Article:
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Pottery for the middle class living in British colonies was most often imported from Staffordshire England. Extremely fine china rarely made it across the Atlantic during the colonial period.

Chocolate drinkers in the British colonies of North America usually imported English middle-class pottery with basic garden motifs to take to their breakfast tables. Very little pottery was made in New England so imported china had a cache of wealth and the designs were reminiscent of the estate and gardens of England as colonists tried to keep up all the appearances of home. The wealthiest of families had their chocolate pots crafted by local silversmiths, and garnished with the family seal to tie their family names and crests directly with the wealth that the precious metal embodied.

 

Modern Global Values

bars

As solid chocolate became available and ubiquitous throughout western culture, the packaging of it has changed with the form, but the still conveyed the values of the local surroundings. To make chocolate appealing to a mass Victorian audience, purveyors wrapped it in the trappings of health and wholesomeness. As modern food science undermined the myth of “healthful chocolate” and the western world was coming out of a financial depression, the ideology of wealth returned. Silver wrappers, foil lettering on thick, glossy boxes, expansive packaging, and silky imagery are on all price-points of chocolate. Our favorite addiction is made more expensive by giving it the trappings of luxury: heart-shaped boxes and ribbons; gilded truffles and patisseries. Feeling rich makes many of us very happy.

The fact that cacao is grown as a third world agricultural product, but consumed almost exclusively in comfortable homes of first world economies has been coming to the attention of consumers over the last half a century. For the socially conscious consumer–those whose values do not hold with personal indulgence without consideration to the cost to others and the planet–a whole new branding for chocolate has developed.

These consumers feel better about buying chocolate that is emblazoned with the iconography of Fair Trade, organic, or direct trade certifications–even if the certification system is more of a seasonal band-aid than a true economic transformation. (Sylla) The sheer plethora of virtuous symbols appearing on labels in the chocolate isle work to the benefit of the marketing. The variety of symbols and levels of individual certification system adds layers of confusion to the real benefits. The level of confusion is so high, there is no way the average consumer can understand all the nuances and impacts. In the end buyers spend more for a product that has a “seal of approval,” and go on their merry way with the psychological satisfaction of having done something good for the “other.”  They get to feel good without ever looking for any proof of the benefit these programs have on the lives of the farmers.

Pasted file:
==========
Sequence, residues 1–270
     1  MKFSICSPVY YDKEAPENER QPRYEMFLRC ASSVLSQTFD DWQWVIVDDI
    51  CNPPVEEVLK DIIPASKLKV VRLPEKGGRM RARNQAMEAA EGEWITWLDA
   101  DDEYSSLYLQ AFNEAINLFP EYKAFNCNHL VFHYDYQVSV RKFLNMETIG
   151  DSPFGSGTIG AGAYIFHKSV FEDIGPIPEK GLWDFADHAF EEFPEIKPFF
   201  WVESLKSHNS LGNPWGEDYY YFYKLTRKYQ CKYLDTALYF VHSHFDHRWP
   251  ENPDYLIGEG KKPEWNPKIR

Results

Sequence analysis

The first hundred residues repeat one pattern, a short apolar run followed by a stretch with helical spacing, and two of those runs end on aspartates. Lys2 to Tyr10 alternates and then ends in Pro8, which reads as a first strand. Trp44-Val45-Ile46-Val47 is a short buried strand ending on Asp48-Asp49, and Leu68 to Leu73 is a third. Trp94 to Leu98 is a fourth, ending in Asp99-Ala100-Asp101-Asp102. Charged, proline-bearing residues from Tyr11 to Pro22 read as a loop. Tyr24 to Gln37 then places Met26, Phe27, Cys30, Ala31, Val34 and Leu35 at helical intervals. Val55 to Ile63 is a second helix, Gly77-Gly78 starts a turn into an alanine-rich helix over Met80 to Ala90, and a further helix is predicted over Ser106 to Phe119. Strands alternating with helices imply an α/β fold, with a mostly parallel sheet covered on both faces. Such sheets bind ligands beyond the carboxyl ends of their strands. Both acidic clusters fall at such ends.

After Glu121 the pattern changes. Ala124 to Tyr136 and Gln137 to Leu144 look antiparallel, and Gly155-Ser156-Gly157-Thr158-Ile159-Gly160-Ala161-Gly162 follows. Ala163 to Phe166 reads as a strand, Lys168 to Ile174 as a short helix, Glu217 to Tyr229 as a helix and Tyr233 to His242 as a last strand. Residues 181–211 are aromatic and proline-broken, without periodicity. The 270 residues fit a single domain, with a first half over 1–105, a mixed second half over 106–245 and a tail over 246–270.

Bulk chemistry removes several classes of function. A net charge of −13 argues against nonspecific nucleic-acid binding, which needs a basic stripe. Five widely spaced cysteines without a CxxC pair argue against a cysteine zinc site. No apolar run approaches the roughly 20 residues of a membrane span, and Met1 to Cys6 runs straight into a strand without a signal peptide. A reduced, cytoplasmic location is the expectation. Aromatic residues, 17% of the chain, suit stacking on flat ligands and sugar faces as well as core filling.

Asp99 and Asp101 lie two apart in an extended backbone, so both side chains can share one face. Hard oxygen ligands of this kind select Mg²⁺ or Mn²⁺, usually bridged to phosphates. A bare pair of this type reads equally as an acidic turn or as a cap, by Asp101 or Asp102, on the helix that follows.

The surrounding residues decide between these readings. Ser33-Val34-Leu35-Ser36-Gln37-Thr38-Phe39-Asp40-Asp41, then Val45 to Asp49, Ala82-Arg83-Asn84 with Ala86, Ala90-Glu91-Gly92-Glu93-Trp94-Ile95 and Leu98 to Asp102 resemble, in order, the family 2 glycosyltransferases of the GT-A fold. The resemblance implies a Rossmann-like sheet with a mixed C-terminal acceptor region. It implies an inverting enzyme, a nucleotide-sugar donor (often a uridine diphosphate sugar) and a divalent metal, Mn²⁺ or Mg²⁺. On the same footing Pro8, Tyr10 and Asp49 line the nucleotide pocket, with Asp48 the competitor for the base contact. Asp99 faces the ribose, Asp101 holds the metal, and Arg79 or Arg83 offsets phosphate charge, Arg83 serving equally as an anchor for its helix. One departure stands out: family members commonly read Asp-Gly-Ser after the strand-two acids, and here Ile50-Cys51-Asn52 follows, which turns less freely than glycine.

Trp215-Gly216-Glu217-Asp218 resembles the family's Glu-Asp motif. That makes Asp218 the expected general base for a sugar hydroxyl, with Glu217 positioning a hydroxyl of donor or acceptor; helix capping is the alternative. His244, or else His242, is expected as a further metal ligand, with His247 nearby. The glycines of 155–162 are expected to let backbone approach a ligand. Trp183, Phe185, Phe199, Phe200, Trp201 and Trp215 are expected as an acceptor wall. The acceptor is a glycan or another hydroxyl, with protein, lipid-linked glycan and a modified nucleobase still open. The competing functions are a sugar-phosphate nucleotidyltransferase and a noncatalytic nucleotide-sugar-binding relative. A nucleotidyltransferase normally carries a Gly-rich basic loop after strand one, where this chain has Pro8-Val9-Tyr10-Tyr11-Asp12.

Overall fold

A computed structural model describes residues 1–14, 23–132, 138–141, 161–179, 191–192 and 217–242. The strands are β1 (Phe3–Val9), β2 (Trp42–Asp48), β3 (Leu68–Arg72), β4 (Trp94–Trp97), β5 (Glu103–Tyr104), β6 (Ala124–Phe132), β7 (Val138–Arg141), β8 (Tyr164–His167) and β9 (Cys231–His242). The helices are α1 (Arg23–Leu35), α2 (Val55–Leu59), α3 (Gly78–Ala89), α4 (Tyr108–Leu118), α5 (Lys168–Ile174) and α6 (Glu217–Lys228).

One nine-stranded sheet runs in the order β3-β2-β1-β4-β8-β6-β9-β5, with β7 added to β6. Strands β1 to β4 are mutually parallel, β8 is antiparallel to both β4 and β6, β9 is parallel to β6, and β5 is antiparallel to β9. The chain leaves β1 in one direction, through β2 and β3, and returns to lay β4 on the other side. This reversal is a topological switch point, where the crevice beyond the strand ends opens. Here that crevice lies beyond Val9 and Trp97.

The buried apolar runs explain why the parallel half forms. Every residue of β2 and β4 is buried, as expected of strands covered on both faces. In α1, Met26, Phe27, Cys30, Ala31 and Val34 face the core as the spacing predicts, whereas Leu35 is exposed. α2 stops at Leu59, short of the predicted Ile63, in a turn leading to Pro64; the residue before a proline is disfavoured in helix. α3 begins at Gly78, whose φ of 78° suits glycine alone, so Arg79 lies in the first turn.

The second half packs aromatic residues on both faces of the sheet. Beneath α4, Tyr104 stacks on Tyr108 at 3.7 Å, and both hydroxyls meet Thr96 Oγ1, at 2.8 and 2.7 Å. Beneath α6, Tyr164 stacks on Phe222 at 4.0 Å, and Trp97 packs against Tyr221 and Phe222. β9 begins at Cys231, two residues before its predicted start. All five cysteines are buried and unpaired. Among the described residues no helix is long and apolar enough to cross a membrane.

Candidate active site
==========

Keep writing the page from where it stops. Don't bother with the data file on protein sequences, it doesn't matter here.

Slapping a feel-good seal on a wrapper has become so successful as marketing, that major companies are eschewing certifications that are attached to bureaucratic oversight of bona fide good intent, and instead are working toward establishing their own brands’ seal of ethical approval and creating home-grown social initiatives that are much easier to operationalize and do not threaten profits in the way that transforming the cacao supply chain would. Adding these icons into the patchwork of other initiatives ensures that social initiative logos appear on more and more packaging. Buying products branded with one of the myriad of ethical icons assuages the consciences of most purchasers. (Martin) In this way, we ensure that imagery that conveys these values will keep on proliferating on the packaging of our chocolate.

Works Referenced:

Brigden, Zachariah. Chocolate Pot. 1755. Silver. Boston Museum of Fine Arts, Boston, Massachusetts.

Burt, Benjamin, and Nathaniel Hurd. Teapot. 1763. Silver. Boston Museum of Fine Arts, Boston, Massachusetts.

“Crescentia cujete.” Wikipedia. Wikimedia Foundation, 03 Apr. 2017. Web. 07 May 2017. <https://en.wikipedia.org/wiki/Crescentia_cujete>.

Coe, Sophie D., and Michael D. Coe. The True History of Chocolate. Third ed. New York: Thames and Hudson, 2013. Print.

Eaton, William M. Odyssey of the Pueblo Indians: an introduction to Pueblo Indian petroglyphs, pictographs, and kiva art murals in the Southwest. Paducah, KY: Turner Pub., 1999. Print.

Henderson, John S., et al. “Chemical and Archaeological Evidence for the Earliest Cacao Beverages.” Proceedings of the National Academy of Sciences, National Acad Sciences, 16 Nov. 2007, www.pnas.org/content/104/48/18937.full. Accessed 6 Mar. 2017.